Green Belt rubbished by Rooker
Regeneration minister Jeff Rooker has provoked outrage after dismissing most Green Belt land as 'rubbish'.
Rooker, speaking at the ODPM's Better Buildings Summit last week, also told delegates there was 'an obsession with Green Belts'.
The comments have provoked deep concern from both the Campaign to Protect Rural England (CPRE) and Friends of the Earth (FOE), who fear a move to relax Green Belt policy.
The CPRE's head of planning, Henry Oliver, said Rooker's comments were 'unhelpful' and 'depressing' and defended the Green Belt rules as 'fantastically valuable'.
'The appearance of Green Belt land is irrelevant to the function it fulfils within the planning system, ' Oliver said. 'I hope the government is not lured off course by the siren voices that argue that because Green Belt land looks scruffy it should be built on.'
'It's particularly depressing that a government minister with responsibility for regeneration should be saying these things, ' he added.
Friends of the Earth also condemned the comments as 'peculiar, uninformed and contradictory'.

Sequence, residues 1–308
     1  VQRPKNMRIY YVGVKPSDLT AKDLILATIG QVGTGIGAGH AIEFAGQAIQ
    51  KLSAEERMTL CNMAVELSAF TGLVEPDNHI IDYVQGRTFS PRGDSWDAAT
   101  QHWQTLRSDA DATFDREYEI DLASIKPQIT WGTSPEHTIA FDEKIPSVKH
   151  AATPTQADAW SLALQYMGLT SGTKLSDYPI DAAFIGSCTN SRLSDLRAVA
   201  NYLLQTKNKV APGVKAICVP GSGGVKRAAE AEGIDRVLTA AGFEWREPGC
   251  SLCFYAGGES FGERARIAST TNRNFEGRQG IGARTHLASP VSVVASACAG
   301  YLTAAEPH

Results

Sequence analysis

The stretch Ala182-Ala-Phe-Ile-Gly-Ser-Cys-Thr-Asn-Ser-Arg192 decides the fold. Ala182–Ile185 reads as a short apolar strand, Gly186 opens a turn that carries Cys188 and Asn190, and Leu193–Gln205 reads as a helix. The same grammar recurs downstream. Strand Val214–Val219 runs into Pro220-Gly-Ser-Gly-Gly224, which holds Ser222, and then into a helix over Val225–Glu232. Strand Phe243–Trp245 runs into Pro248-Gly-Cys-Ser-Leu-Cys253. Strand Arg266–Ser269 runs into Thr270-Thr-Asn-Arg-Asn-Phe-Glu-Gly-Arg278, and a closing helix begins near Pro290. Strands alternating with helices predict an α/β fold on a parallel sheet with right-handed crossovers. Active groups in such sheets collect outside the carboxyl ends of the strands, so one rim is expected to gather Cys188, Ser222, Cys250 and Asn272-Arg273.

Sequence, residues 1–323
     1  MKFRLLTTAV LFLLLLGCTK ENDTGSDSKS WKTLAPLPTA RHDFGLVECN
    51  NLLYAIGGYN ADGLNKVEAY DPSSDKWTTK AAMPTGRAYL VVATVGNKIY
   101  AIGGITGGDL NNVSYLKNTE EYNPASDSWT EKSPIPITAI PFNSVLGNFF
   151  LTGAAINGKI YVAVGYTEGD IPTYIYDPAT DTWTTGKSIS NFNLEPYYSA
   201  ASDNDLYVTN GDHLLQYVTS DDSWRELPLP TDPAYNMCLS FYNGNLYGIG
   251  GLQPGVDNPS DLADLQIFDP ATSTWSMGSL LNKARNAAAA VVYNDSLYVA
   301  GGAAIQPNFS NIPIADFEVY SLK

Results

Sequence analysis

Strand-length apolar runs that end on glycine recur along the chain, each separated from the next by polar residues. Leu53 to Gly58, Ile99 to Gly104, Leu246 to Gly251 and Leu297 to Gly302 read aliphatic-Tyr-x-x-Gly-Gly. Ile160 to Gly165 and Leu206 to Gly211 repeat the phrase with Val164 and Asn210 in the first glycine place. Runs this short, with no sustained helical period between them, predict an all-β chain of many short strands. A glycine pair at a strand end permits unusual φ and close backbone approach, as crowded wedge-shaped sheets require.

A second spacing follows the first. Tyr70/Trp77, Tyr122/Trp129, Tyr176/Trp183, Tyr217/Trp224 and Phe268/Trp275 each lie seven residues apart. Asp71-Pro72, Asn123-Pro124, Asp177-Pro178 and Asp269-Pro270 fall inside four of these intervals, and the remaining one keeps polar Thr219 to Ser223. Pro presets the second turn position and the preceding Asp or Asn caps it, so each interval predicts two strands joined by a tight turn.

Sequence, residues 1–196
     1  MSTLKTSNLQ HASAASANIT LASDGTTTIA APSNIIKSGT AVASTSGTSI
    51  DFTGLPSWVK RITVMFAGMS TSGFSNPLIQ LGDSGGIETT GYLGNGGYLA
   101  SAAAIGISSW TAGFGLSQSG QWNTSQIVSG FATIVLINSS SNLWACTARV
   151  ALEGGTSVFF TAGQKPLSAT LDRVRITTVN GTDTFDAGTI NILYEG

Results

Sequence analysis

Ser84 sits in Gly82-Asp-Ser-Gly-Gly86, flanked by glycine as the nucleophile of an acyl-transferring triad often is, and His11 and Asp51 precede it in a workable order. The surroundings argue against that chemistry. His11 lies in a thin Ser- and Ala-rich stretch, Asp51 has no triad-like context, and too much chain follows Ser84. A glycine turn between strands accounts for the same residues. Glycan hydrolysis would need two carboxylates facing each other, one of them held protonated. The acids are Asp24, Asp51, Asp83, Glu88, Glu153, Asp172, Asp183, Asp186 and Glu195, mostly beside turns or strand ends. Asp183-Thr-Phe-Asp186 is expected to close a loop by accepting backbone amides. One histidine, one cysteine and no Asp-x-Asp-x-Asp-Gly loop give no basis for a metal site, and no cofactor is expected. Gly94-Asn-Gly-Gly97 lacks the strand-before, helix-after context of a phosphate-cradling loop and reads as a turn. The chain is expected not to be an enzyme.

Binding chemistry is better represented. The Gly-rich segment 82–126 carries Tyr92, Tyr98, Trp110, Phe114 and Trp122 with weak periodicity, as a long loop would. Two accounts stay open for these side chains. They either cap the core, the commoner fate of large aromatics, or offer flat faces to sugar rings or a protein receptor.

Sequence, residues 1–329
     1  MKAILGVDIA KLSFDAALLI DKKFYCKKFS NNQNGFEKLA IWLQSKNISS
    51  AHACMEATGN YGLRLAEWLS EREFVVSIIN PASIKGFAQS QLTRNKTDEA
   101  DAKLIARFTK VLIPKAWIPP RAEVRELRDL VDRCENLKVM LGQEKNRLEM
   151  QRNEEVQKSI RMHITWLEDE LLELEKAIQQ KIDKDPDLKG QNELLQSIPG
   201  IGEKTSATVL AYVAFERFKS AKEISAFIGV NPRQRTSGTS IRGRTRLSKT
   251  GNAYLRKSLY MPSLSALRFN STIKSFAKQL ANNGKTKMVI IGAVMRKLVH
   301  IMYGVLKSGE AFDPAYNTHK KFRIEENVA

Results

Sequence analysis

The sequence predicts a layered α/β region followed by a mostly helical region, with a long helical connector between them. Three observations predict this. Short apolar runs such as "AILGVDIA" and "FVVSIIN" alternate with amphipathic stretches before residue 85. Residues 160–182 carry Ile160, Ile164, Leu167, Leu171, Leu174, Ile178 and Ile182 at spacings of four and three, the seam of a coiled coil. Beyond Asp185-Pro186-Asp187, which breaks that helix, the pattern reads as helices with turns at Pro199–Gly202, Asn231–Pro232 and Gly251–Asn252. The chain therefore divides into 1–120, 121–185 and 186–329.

'The primary objective of the policy is urban containment, not landscape quality, ' FOE's planning adviser Hugh Ellis said. 'I wish we could have planning ministers who know about planning.'
Ellis said he feared Rooker's comments revealed an intention to relax the Green Belt policy - a 'disastrous' consequence of the 'misguided' Communities Plan and an obsession with concentrating growth in the South, he said. 'They are doing it by stealth, allowing the inner boundary to be reviewed and spreading the outer boundary outwards, ' he added. 'We will resist it and the public will resist it.'
However, the TCPA welcomed a review of the rules.
'We would agree that a lot of it is rubbish, ' policy officer Robert Shaw said. 'Some land is of low agricultural quality and could be better built on. We need to look at where it works and where it is restricting.' And he suggested the replacement of 'belts' with 'wedges' of land most worthy of protection.
In a moderation of his comments, Rooker later issued a statement to the AJ confirming his support for 'the contribution the Green Belts make in protecting the countryside'.